The inability of students to properly understand the principles underlying osmosis and tonicity leads to misconceptions that further impair their ability to apply these concepts to physiological situations. We describe a simple and inexpensive visual exercise using beads and water to mimic solutions. Using these model solutions, students will understand the concepts of tonicity and osmolarity. The hands-on exercise is supplemented with a worksheet that reinforces the concepts they learned in doing the activity. This exercise has broad application with respect to both the level of students targeted and the courses in which it can be utilized, and it is flexible enough to personalize for each situation.
Osmolarity and tonicity are challenging concepts for students in introductory biology courses to understand, even if they are science majors. This topic is extremely important for students to comprehend, as these are two related yet different concepts. Misconceptions surrounding osmosis have persisted for decades, specifically those involving tonicity and water movement (Odom, 1995; Fisher et al., 2011). Definitions of osmolarity and tonicity differ among textbooks (Vujovic et al., 2018), and while any of these definitions may be sufficient for instructor understanding, this can add to student confusion. We clarify the two concepts and their distinctions for students as follows.
“Misconceptions surrounding osmosis have persisted for decades, specifically those involving tonicity and water movement.”
Osmolarity is defined as the number of milliosmoles (mOsmol) of solute in 1 L of solution or the concentration of solute particles in 1 L of solution, represented as mOsm/L or mOsM (Urry et al., 2017). Osmolarity is deemed a colligative property in the chemistry field (Jespersen et al., 2015) and, as such, students must be made aware that it is the total concentration of nonpenetrating solutes that matters, not the composition of those solutes, in terms of osmolarity. Tonicity is defined as the ability of a solution surrounding a cell to cause that cell to gain or lose water (Urry et al., 2017). While osmolarity is an absolute quantity, tonicity is relative.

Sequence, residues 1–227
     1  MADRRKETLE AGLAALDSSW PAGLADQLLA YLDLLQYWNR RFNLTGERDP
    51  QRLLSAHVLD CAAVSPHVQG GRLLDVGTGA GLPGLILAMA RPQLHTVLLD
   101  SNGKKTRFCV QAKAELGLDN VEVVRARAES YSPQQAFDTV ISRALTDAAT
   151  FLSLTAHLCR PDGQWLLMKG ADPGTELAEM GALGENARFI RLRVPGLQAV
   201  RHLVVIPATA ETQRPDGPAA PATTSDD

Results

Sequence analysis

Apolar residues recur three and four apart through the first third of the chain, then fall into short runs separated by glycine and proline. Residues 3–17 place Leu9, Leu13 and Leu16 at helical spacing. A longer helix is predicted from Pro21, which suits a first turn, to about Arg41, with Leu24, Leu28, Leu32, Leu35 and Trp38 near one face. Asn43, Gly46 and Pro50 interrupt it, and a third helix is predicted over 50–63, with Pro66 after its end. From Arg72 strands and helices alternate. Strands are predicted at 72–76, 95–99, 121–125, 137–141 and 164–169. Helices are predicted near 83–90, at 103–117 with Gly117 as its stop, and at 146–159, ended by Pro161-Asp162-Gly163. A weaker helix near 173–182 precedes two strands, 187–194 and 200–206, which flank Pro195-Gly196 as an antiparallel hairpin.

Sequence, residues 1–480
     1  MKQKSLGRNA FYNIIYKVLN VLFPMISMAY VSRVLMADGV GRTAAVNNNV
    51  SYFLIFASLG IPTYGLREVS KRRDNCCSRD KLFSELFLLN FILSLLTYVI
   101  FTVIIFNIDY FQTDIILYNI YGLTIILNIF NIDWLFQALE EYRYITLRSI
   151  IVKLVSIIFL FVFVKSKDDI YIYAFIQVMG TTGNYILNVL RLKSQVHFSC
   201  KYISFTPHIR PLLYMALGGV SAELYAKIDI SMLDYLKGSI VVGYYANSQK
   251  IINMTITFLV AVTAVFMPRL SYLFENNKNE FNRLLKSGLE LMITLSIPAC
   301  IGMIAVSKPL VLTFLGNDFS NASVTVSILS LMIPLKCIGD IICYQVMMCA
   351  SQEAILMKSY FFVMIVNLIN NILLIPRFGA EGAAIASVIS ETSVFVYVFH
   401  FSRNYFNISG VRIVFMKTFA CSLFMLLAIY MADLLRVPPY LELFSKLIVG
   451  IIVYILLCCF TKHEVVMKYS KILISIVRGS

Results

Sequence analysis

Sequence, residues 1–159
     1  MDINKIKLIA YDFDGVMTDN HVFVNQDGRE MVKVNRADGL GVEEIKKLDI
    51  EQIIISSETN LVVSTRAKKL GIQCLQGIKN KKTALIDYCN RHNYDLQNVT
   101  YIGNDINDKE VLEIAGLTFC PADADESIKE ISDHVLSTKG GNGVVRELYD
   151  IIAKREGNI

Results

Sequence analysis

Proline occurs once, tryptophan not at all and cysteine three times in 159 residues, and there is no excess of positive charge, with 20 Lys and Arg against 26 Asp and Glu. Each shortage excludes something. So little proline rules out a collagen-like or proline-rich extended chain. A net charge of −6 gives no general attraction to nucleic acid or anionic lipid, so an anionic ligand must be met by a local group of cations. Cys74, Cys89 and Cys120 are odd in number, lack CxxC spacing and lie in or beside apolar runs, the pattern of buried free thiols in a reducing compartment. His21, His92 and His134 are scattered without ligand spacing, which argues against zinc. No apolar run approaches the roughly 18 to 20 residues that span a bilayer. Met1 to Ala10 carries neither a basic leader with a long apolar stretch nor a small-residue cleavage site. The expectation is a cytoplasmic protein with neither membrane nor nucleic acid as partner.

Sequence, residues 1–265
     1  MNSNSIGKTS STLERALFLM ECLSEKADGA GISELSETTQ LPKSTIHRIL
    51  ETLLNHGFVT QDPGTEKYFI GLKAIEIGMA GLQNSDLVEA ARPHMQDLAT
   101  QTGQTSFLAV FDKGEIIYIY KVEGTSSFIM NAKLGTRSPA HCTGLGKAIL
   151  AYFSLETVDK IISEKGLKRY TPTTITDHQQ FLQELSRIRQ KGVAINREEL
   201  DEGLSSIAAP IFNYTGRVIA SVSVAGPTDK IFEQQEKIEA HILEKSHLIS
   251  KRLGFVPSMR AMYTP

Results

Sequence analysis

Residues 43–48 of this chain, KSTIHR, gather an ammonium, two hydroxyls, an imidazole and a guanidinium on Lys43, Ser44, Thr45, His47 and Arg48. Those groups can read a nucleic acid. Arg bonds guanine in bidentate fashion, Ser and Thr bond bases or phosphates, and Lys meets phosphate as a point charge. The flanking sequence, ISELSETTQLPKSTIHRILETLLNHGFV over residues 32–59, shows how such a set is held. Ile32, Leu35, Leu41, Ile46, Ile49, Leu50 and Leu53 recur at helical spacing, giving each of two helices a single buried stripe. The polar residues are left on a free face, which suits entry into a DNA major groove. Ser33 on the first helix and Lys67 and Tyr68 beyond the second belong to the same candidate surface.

Another point to keep in mind is that because osmolarity takes into account the concentration of both penetrating and nonpenetrating solutes, we must be clear that assignment of tonicity is derived only from the nonpenetrating solute concentrations (Vujovic et al., 2018). Solutes that are unable to cross a membrane, whether real or artificial, are termed nonpenetrating, while those solutes that have a mechanism for transport are termed penetrating. When comparing two solutions on either side of a semipermeable membrane, the solution with higher nonpenetrating solute concentration is termed hypertonic, while the one with lower nonpenetrating solute concentration is hypotonic. If two solutions have the same concentration of nonpenetrating solutes, they are considered isotonic. Note that the emphasis in naming these solutions is based on the solute concentration, not the concentration of free water in each solution. However, when two solutions with nonpenetrating solutes are compared, students are taught that because of osmosis, water will move from the hypotonic solution to the hypertonic solution, and that this process is passive, with no energy requirements. Many students fail to see that a hypotonic solution has more water (solvent) than a hypertonic solution and regularly conclude that water moves from the hypertonic solution to the hypotonic solution. Let’s take a simple question such as “What will happen to the cell mass or volume if a cell with an internal concentration of 0.9% solute concentration is placed in a solution of 1.5% solute concentration?” Students typically answer that water will move into the cell and the cell will burst. They argue that the solution outside the cell has a higher solute concentration than that inside the cell. To remove this misconception, we have devised a simple exercise to help students understand the concepts of osmolarity, tonicity, and direction of water movement due to osmosis.